Three and a half years ago, Dr. Stephen Fabes left his medical practice at Guy’s and St. Thomas’ Hospital in London to begin a cycling journey. The goal was to travel across six continents on a trip around the world. By Steve’s estimates, he will visit 60 countries and log around 60,000 miles. The initial leg of the journey was from London to Cape Town. His current leg is taking him from the southern tip of South America to northern Alaska. We caught up with him at his second cousin’s home in Menlo Park, where he’s been staying the past week before hitting the road again on Wednesday.
InMenlo: What prompted you to stop your medical practice and start cycling the world?
Steve: I never seem to satisfy people with the answer to this question. I wanted an adventure and a new challenge. Also wanted a simpler life with less deadlines and routines. Then there was the goal of achieving a new level of fitness.
InMenlo: How many miles a day do you typically ride and do you have days off?
Steve: I typically ride 75 miles if it’s fairly flat and on tarmac and there’s no problem with wind. That said, I don’t often get perfect conditions, so I cycle from 20 to 150 miles, the latter being the most I’ve done. I never cycle at night. And I’m not rushing. I usually bike for 5 days and rest 2. Every six weeks or so I take a whole week off.
InMenlo: What kind of bike do you use and how many tires have you gone through?
Steve: It’s a custom built touring bike made by Santos Travel Master. You choose all the bits, and they but it together. I wasn’t really an avid cyclist before the trip and I’m not mechanically minded, so I got advice from other people. I’ve gone through about 15 sets of tires.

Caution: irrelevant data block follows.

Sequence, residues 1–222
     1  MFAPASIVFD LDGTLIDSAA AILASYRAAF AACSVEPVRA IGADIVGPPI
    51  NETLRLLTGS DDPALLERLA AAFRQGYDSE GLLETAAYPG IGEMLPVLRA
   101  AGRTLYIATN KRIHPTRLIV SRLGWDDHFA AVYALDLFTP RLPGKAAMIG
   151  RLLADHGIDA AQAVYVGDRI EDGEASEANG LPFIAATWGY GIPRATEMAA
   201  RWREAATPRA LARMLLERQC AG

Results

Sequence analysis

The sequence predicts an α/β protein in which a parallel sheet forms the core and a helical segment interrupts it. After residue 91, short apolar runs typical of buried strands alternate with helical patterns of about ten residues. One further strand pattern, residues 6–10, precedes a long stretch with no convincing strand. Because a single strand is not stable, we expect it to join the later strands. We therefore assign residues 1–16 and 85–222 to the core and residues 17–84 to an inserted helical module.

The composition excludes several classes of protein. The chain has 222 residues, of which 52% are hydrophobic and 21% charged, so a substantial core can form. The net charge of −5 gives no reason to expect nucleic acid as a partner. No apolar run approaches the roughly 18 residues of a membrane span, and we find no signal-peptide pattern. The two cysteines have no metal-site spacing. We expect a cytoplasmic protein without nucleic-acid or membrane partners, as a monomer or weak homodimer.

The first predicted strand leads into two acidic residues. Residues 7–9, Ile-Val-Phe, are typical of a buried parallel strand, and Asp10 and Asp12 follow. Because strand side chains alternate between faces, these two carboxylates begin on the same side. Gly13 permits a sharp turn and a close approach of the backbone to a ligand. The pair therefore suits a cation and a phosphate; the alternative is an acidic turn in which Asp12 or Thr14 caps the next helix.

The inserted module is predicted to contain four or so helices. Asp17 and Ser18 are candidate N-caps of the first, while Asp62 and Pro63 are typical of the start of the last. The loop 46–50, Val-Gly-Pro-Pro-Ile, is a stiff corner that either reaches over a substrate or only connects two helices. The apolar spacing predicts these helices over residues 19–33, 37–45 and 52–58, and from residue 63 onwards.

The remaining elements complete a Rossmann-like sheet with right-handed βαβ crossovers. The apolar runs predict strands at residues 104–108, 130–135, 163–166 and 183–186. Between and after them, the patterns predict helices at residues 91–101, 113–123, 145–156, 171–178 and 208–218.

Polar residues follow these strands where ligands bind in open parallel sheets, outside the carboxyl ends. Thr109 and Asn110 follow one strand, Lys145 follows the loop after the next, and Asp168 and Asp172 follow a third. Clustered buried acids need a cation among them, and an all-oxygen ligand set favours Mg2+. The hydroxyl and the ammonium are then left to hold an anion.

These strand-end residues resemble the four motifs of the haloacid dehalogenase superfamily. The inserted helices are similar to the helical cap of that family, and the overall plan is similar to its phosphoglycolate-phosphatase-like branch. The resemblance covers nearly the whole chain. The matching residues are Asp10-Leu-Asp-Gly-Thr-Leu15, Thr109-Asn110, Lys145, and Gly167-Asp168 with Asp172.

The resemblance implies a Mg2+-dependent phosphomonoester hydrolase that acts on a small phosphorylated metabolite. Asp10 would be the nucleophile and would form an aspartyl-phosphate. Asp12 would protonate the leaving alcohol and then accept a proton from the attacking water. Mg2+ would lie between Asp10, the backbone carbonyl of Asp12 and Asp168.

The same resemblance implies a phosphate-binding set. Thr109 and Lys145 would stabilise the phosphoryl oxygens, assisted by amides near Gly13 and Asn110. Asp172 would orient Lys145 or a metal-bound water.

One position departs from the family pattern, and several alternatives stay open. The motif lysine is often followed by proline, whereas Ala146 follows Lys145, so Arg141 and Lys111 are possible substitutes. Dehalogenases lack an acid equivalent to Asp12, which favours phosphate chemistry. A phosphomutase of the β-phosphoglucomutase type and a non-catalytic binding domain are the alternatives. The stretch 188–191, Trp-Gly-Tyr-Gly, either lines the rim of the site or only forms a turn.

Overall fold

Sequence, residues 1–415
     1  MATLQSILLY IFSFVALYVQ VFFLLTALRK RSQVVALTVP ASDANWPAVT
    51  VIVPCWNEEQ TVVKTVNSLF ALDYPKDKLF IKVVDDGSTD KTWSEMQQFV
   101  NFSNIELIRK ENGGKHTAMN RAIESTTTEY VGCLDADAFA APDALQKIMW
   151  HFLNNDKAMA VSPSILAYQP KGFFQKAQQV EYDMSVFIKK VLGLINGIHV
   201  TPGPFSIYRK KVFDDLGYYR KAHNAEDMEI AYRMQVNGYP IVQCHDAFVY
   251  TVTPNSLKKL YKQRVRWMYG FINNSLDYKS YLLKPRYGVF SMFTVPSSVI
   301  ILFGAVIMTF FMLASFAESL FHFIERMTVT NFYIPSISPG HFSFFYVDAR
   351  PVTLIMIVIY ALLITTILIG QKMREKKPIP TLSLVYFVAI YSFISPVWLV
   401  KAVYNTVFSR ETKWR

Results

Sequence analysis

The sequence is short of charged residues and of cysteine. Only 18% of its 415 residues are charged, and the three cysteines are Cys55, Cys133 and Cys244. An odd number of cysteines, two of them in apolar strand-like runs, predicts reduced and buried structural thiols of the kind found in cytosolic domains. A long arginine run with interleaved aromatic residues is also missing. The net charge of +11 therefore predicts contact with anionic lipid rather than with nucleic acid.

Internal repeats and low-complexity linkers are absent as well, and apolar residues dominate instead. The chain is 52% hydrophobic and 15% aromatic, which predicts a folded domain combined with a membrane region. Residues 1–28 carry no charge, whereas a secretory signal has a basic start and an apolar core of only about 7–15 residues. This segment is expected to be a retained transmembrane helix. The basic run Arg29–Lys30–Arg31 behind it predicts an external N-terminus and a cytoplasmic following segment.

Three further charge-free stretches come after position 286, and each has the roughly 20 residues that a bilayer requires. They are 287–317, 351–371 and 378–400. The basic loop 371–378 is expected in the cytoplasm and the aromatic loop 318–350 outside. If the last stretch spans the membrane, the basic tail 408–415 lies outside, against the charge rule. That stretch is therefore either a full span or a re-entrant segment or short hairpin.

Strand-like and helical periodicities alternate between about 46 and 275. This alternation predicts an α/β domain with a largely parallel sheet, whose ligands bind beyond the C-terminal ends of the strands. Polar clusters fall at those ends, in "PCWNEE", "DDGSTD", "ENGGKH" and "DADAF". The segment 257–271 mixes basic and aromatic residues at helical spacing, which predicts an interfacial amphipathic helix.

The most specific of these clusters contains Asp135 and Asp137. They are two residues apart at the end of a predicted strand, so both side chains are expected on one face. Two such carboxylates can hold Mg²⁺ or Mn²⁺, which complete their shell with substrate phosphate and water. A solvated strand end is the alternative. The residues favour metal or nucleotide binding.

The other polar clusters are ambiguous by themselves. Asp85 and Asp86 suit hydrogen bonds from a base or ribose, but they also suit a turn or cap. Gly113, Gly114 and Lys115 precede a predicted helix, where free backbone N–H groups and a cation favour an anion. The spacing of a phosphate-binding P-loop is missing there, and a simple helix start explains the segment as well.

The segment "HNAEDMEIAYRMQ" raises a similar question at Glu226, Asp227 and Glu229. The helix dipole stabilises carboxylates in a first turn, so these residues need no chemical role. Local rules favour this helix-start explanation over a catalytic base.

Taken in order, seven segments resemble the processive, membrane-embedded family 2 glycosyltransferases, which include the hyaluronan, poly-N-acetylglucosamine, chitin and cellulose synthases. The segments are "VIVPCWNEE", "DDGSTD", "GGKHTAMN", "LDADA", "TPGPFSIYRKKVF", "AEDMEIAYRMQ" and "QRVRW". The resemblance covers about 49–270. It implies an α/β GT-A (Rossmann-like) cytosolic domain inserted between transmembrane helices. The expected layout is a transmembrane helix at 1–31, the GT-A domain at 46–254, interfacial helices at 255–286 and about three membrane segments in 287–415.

InMenlo: Are there any similarities to practicing medicine and cycling?
Steve: Medicine taught me a few things that I’ve used on the journey, like decision making. When you’re up against a difficult decision, medicine teaches you how to work through things.
InMenlo: On your website it says you’re interested in neglected diseases, but the ride is also raising money for Merlin. Is there an intersection between the two?
Steve: Because the trip has gotten some media attention, I thought I could also heighten awareness about neglected diseases.
Merlin is a medical charity that works on the front lines of global emergencies. I liked the idea that I could help raise money for a non-profit that had a medical tie in. People can donate through JustGiving.
InMenlo: What has surprised you most about your journey so far?
Steve: The fact that world seems safer and friendlier than I imagined it to be. I was a bit scared about certain areas but places people warned me about turned out to be the best. Over 150 strangers have given me a bed for the night along the way.
Editor’s note: As a way to fund his journey, Steve is giving talks along the way, as he did Monday night at Freewheel Brewing Company. If you’re reading this from one of his points northward and are interested, he can be contacted at firstname.lastname@example.org. He also blogs about his journey.
Photo by Irene Searles